819 F2d 1138 Martin v. Fourco Glass Company Afg

819 F.2d 1138
Unpublished Disposition

Harold M. MARTIN, et al., Plaintiff-Appellant,
FOURCO GLASS COMPANY, AFG Industries, Inc., Defendant-Appellee,
AFL-CIO, CLC, Third- Party Defendant.

No. 86-3572.

United States Court of Appeals, Fourth Circuit.

Argued Feb. 4, 1987.
Decided May 18, 1987.

NOTICE: Fourth Circuit I.O.P. 36.6 states that citation of unpublished dispositions is disfavored except for establishing res judicata, estoppel, or the law of the case and requires service of copies of cited unpublished dispositions of the Fourth Circuit.

Before WINTER, Chief Judge, SPROUSE, Circuit Judge, and MICHAEL, United States District Judge for the Western District of Virginia, sitting by designation.

Thomas Philip Powers (R. Michael LaBelle; Mose Lewis, III; Powers & Lewis; Daniel V. Lane, on brief), for appellants.

Douglas Steven Tweed (Mark S. Dessauer; Hunter, Smith & Davis; Charles G. Johnson; Johnson & Johnson; James W. Bradford, Jr., on brief), for appellees.


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The district court granted summary judgment for defendants in plaintiffs' suit under the Fair Labor Standards Act to recover minimum wages and overtime. The district court also denied plaintiffs' motion for reconsideration. Plaintiffs appeal and we affirm.



After plaintiffs instituted suit, defendants filed a motion for summary judgment. The motion was filed on October 16, 1985, at a time when we were considering an appeal from the district court's refusal to permit the union to which plaintiffs belonged to be joined as a party defendant.


Counsel for plaintiffs did not receive a copy of the motion for summary judgment when it was filed. But when defendants tendered a proposed order on the motion to the district court, and served a copy on plaintiffs' counsel, plaintiffs' counsel became aware of the motion and obtained a copy sometime prior to January 7, 1986. Notwithstanding Local Rule 207 of the United States District Court for the Northern District of West Virginia, which provides that responses to motions shall be filed within fifteen days, plaintiffs' counsel filed no response.


After we decided the appeal about joining the union, the district court wrote to counsel under date of January 7, 1986 calling attention to our decision and stating that "it is appropriate that the Motion for Summary Judgment be next addressed ..." The court also commented that "[n]ormally, under the Local Rules for the Northern District of West Virginia a response would be anticipated within fifteen days of the filing of the motion. However, I am sure it was not intended by anyone, including the Court, that a response would be made to the Motion for Summary Judgment until the Fourth Circuit had acted on the interlocutory appeal." Plaintiffs still failed to file a response to the motion and on January 24, 1986, the motion was granted and judgment entered for defendants.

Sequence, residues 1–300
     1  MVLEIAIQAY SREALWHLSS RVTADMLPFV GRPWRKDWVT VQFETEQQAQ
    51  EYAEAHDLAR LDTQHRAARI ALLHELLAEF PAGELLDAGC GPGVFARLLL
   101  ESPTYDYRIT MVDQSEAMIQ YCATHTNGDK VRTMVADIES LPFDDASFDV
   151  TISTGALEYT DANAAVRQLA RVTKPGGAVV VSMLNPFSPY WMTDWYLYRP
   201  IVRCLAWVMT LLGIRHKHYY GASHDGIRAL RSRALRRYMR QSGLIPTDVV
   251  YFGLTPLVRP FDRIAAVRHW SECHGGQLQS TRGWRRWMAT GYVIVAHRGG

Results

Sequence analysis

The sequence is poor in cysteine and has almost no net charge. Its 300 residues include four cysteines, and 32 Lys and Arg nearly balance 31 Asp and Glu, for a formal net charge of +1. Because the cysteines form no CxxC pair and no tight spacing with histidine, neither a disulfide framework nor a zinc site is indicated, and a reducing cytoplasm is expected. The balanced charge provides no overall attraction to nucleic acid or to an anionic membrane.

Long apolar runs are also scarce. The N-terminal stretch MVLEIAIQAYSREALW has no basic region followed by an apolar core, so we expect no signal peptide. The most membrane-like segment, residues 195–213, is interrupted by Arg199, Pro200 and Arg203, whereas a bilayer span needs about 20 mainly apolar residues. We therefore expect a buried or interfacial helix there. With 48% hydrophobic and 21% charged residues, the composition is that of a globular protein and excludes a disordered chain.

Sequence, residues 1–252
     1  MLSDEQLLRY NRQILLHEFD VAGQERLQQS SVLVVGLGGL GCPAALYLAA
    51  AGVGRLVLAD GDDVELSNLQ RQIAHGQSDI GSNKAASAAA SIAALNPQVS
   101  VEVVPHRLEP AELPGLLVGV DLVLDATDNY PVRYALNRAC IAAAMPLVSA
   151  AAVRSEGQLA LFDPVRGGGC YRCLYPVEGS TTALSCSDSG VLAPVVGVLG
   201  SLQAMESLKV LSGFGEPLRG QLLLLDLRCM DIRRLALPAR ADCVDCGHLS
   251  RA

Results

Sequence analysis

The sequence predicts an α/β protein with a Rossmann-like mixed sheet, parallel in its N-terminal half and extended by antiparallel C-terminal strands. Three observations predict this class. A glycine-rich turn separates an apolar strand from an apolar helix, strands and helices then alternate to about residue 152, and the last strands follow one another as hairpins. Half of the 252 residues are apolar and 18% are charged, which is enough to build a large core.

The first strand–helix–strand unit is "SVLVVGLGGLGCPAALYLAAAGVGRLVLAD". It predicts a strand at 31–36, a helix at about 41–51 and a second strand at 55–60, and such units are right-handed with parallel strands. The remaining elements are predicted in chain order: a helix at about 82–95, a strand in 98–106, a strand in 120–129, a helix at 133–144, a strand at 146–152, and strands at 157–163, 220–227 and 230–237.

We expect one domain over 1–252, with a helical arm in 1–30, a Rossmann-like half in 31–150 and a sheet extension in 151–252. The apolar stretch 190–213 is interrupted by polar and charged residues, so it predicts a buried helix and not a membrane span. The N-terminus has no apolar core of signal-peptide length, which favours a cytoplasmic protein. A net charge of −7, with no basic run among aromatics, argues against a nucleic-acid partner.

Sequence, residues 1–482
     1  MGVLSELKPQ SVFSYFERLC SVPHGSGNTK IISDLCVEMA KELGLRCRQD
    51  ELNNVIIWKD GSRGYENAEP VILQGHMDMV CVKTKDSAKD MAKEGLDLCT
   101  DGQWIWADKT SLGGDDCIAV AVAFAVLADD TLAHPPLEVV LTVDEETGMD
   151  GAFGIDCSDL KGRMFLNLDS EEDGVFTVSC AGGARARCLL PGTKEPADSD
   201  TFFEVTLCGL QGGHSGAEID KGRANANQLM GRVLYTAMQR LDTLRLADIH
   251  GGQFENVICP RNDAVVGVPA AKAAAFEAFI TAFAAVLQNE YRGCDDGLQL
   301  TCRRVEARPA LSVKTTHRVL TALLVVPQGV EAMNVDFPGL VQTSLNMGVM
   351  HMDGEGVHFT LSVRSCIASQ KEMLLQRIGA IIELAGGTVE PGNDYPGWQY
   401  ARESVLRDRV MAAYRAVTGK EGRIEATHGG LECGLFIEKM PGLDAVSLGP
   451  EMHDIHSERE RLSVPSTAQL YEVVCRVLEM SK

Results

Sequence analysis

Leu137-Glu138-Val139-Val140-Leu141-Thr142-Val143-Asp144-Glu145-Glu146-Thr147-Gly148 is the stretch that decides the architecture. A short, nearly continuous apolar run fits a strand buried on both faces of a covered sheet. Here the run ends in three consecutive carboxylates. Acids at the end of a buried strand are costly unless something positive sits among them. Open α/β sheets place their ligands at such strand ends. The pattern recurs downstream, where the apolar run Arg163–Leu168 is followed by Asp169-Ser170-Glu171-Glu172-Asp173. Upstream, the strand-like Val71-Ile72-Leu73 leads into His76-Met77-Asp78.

On January 28, 1986, plaintiffs filed a notice of appearance of new co-counsel and a motion to enlarge the time for filing a response to the motion for summary judgment. The on January 30, 1986, they filed a motion to reconsider the order granting summary judgment. A hearing in these motions was held on May 14, 1986, and, by order entered May 23, 1986, the motions were denied. Thereafter plaintiffs filed a notice of appeal of the May 23 order.



Defendants question our jurisdiction to hear this appeal. They argue that the motion for reconsideration was in essence a motion under Fed.R.Civ.P. 60(b) to correct a mistake or fraud in the judgment so that the filing of the motion did not toll the running of the time in which to file a notice of appeal.


We do not agree. We deem the motion one under Fed.R.Civ.P. 59 to amend the judgment, which tolls the period in which to file a notice of appeal until the motion has been decided. See Fed.R.App.P. 4(a)(4). The notice of appeal was filed within the thirty days after May 23, 1986 so that it was timely, and we have jurisdiction to consider the appeal.


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Plaintiffs argue that the district court too hastily entered summary judgment and that it abused its discretion in not reopening the summary judgment to permit plaintiffs to oppose the motion. We are not persuaded by either argument.


Notwithstanding their failure to receive a copy of the motion for summary judgment when it was filed, plaintiffs became aware of the motion and had ample opportunity to oppose it. In violation of the local rule they did nothing. They cannot be heard to say that the entry of the judgment violated any of their rights.


Nor do we think that the district court abused its discretion in declining to reconsider the judgment. Aside from the argument that they did not receive a copy of the motion for summary judgment when it was filed and the argument that the district court's letter of January 7 lulled them into sleeping on their rights, plaintiffs offer nothing to controvert the facts set forth in defendants' affidavit supporting their motion or the applicable legal rules. Thus there was no basis on which to reconsider the judgment even if plaintiffs mistakenly believed that they had no duty to respond to the motion before the time that the district court acted.


Although we think this appeal is lacking in merit, we deny defendants' request for double costs and attorneys' fees.